Every year, we send our children off to their first days of school with hopes and dreams that they will enjoy the year, that they will learn a lot, and that they will find success. There are also always concerns—Will they fit in? Will they find the lessons too challenging? Will they like their teachers?—but this year, concerns loom large for many families. In addition to the regular first week jitters, families across the country are worried about their children’s safety.
Protection from COVID-19: We must ensure all students and families benefit from robust, multi-layered COVID-19 mitigation strategies that have been proven to reduce risk.
As the delta variant surges and many states contend with low vaccination rates, despite widespread availability and evidence of effectiveness, families are once again worrying that sending their children into school buildings means putting their health at risk. The FDA has not yet approved the COVID-19 vaccines for children under 12 years old, which means all elementary and some middle school-aged children are without that key protection. Vaccination rates among 12-15 year olds, for whom the vaccines are approved, remain the lowest out of any age group. Masks are proven to protect against the spread of the virus, and many families understandably feel that this should be one of many steps taken to ensure the safest learning environment possible. However, mask mandates in schools have become a point of great contention at school board meetings across the country. Governors and local officials in many states have also attempted to ban mask mandates. The U.S. Department of Education announced this week that it would investigate whether prohibiting mask mandates violates the civil rights of students, especially those living with disabilities, by putting them at heightened risk of contracting COVID-19.
Other conditions that will impact students’ health will likewise vary by district and by school—and as is the case with so many other aspects of our public school system, Black, Latinx, and Indigenous students and students living in poverty are most likely to attend schools without the resources for proper safety precautions. Poor ventilation is one such condition prevalent in especially the oldest school buildings throughout the country. The U.S. Government Accountability Office reported in June that more than 41 percent of school districts need to update or replace their heating, ventilation, and air conditioning systems in at least half of their buildings in order to help prevent the spread of COVID-19. Deplorable school infrastructure has long been considered by advocates and families as an infringement on the rights of children to receive a free and appropriate education, and improper ventilation during a pandemic is yet another way that inequitable distribution of resources is going to put our country’s most marginalized children at increased risk.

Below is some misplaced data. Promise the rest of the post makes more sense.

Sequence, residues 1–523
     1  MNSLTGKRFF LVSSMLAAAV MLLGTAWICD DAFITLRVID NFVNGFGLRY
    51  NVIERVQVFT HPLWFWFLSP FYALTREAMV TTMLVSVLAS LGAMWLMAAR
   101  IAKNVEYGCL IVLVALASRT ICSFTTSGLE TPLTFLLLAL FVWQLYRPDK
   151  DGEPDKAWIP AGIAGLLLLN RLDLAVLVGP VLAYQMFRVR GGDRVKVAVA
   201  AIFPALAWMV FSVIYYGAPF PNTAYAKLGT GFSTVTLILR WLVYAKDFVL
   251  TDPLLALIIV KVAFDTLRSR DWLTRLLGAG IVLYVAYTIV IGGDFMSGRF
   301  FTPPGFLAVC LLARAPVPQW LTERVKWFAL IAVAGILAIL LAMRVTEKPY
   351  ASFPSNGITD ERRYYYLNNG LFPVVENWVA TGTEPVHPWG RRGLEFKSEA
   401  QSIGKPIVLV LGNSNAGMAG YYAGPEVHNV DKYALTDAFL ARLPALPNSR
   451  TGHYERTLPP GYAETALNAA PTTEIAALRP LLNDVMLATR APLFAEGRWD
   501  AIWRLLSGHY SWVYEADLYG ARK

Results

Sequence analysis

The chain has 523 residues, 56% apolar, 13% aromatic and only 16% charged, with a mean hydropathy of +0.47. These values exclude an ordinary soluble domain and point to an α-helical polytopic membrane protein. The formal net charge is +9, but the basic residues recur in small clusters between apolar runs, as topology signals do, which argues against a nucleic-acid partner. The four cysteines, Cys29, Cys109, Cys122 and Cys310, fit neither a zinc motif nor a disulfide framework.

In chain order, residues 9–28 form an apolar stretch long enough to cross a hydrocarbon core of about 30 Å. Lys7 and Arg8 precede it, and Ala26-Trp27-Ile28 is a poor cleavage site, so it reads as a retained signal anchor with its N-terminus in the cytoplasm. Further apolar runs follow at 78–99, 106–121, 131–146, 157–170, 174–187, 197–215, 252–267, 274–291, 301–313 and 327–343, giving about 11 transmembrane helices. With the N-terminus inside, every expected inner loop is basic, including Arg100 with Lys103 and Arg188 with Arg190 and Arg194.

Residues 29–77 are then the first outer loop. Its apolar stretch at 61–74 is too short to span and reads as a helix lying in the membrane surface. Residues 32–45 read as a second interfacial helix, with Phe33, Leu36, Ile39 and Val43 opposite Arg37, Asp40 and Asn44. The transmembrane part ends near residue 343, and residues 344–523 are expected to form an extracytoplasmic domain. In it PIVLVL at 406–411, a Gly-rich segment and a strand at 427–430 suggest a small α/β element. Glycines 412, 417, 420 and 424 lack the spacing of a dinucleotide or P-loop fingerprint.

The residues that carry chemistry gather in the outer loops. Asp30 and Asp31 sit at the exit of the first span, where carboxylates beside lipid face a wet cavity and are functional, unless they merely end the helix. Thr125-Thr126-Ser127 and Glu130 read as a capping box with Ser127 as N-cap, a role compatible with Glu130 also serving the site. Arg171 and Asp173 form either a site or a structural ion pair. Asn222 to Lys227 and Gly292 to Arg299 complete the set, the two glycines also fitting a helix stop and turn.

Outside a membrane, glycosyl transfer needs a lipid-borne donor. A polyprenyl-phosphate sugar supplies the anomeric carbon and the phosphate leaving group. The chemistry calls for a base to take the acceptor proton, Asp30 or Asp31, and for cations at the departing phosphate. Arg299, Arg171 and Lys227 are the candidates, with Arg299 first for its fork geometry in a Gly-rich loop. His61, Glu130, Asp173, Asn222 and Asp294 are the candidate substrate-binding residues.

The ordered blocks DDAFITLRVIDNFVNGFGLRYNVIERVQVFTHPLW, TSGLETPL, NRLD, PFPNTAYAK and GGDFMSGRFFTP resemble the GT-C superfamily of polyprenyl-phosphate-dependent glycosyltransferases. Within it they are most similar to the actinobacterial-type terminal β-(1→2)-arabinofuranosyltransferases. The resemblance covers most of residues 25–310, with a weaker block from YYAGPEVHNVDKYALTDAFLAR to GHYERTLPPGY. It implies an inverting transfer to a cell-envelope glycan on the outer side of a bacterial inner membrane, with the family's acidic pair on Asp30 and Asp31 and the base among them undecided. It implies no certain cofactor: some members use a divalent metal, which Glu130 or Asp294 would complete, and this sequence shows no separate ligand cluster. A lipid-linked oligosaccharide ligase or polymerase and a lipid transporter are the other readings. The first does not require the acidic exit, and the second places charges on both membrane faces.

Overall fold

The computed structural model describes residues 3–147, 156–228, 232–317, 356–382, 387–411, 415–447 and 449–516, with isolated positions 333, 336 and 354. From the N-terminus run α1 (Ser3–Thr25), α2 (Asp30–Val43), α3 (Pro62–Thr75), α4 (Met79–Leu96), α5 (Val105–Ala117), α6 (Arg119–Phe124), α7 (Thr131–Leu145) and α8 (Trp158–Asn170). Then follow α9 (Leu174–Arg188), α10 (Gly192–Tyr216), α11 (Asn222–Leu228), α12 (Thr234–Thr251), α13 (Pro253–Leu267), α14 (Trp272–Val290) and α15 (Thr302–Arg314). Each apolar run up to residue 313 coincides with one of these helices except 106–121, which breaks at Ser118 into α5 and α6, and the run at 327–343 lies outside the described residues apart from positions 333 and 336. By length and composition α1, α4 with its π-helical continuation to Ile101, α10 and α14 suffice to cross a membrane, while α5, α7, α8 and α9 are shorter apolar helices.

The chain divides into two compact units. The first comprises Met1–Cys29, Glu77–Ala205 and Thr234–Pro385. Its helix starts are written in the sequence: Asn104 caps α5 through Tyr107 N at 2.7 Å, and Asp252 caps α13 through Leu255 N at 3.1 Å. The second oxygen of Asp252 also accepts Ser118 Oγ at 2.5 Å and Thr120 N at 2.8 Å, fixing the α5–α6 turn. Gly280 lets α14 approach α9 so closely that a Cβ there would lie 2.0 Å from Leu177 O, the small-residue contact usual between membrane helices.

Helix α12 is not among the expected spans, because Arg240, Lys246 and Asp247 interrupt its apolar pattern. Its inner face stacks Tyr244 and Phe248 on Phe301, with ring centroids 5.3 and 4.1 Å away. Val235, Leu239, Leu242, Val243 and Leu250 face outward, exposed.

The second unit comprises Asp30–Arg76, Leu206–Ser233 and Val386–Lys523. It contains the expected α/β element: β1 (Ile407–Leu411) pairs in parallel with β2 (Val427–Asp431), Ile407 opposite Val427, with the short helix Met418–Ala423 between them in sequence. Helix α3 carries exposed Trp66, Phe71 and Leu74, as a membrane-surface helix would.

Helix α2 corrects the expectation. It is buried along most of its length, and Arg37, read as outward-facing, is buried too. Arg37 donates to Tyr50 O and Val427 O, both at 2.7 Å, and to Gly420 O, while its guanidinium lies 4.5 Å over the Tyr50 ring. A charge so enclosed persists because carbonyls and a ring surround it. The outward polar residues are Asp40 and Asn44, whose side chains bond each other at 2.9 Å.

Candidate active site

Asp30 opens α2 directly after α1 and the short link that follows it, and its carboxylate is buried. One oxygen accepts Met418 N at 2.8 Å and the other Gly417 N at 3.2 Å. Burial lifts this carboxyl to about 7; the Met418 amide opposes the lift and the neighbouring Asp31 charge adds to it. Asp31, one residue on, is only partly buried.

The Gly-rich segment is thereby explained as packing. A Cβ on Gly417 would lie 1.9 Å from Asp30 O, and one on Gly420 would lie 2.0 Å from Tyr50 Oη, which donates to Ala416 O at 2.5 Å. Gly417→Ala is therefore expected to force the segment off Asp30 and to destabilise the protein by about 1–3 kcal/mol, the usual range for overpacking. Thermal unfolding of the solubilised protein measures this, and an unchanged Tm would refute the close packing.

Mental Health Supports: We must ensure student’s mental health and well-being are prioritized and supported, especially given the heightened hardships and stresses communities have experienced recently.
As of early 2021, an estimated 40,000 children had already lost a parent due to COVID-19, with Black children being disproportionately harmed by this horrific surge in parental death. Along with this immense loss and grief, the pandemic has caused changes in routines, breaks in continuity of learning, missed doctor’s visits, loss of economic and housing security, and missed significant life events that are likely to weigh on our children long after the pandemic ends. The effects of these health and economic crises are also happening against a backdrop of continuous police violence that targets and traumatizes Black children and families in communities across the country.
We’re already seeing the impacts of these crises on children’s mental health. A recent CDC study found that between April 2020 and October 2020, the proportion of children’s mental health-related emergency room visits has increased and remained elevated compared to the same time period in 2019—this is part of a children’s mental health crisis that the last year has revealed and exacerbated.
As students begin to return, schools must serve as a place of support, acknowledging the harms students have experienced and prioritizing students’ well-being. The American Rescue Plan allocated funding for schools through the Elementary and Secondary School Emergency Relief (ESSER) Fund, including $122 billion for school reopening, which schools can use to prioritize students’ mental health by: